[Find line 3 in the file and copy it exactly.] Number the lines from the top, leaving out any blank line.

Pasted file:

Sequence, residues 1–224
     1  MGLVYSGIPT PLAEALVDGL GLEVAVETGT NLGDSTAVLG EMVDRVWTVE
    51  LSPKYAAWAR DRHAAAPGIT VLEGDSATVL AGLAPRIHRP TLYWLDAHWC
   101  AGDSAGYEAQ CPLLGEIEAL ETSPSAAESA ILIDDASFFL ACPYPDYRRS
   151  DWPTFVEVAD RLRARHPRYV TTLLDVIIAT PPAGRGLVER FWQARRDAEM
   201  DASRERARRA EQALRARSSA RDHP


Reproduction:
    51  LSPKYAAWAR DRHAAAPGIT VLEGDSATVL AGLAPRIHRP TLYWLDAHWC